High in the south is brilliant star Arcturus, discovered by Sir Edmund Halley (of comet fame), to have changed its position since ancient times. This demonstrated that all stars are in motion around the center of our galaxy, though at distances so great, that the constellations look the same for thousands of years.

Tonight, as the twilight fades in the west, the “twin stars” of Gemini are lowering toward the horizon. Pollux on the left, and Castor a bit higher and to the right, are not actually twin stars. They are not even related. Pollux is 34 light years away, while Castor is a more distant 55 light years.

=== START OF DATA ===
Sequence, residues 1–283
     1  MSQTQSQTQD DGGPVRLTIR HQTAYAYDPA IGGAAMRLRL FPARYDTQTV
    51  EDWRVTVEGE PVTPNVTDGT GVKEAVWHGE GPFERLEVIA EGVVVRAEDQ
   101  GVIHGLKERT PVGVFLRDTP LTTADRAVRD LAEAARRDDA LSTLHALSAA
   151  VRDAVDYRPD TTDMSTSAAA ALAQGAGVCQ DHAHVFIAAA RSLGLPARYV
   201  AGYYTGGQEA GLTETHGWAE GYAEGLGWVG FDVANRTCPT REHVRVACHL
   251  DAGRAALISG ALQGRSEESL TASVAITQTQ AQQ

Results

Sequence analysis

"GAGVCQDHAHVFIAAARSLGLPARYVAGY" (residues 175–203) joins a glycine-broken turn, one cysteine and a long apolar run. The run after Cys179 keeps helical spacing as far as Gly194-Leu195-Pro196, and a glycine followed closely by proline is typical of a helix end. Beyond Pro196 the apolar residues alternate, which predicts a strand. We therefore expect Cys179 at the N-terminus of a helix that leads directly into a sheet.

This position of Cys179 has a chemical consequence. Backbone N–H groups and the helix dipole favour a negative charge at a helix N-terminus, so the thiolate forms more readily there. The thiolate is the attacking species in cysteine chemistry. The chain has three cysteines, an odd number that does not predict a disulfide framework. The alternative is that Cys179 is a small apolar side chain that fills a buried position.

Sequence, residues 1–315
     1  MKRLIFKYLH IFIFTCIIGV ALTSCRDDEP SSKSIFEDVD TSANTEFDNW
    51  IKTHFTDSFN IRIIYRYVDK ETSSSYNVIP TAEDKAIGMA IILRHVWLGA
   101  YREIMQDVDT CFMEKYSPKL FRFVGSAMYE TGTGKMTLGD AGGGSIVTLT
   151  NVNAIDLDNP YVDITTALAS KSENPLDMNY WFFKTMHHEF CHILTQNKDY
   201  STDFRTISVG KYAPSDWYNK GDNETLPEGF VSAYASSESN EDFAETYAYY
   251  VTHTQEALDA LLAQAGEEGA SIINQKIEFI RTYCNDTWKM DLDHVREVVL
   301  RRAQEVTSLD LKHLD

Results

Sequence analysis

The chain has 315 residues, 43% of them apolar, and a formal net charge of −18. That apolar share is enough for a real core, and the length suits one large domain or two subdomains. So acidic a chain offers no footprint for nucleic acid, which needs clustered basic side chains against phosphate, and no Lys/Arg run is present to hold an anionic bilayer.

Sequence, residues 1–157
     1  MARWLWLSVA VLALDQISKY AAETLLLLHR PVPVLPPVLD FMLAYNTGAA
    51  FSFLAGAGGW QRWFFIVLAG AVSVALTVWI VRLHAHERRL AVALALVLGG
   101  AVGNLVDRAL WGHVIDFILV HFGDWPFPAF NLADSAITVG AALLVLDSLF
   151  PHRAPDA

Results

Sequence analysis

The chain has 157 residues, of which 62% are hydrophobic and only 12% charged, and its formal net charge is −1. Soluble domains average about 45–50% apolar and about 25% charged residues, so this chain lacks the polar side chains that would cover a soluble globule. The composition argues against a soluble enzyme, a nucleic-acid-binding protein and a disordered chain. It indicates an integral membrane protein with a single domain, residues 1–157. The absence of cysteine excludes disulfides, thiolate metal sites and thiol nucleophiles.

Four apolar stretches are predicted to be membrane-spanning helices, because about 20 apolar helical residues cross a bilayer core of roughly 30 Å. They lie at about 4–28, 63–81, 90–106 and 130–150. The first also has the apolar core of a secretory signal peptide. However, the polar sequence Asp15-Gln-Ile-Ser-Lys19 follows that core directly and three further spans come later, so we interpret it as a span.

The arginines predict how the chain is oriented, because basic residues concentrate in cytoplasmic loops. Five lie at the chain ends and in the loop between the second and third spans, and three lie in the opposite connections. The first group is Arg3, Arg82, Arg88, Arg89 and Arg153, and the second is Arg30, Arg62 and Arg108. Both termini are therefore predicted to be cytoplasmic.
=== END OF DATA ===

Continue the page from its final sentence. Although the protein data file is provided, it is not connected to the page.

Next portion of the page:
The star Antares, the “heart” of Scorpio, the Scorpion, is due south at midnight, shimmering a bright orangish-red. Antares was one of the four Royal Stars in Persian astronomy, marking the position of the Sun at the beginning of autumn thousands of years ago. You can see the head and shoulders of the Scorpion – a trio of stars – to the upper right.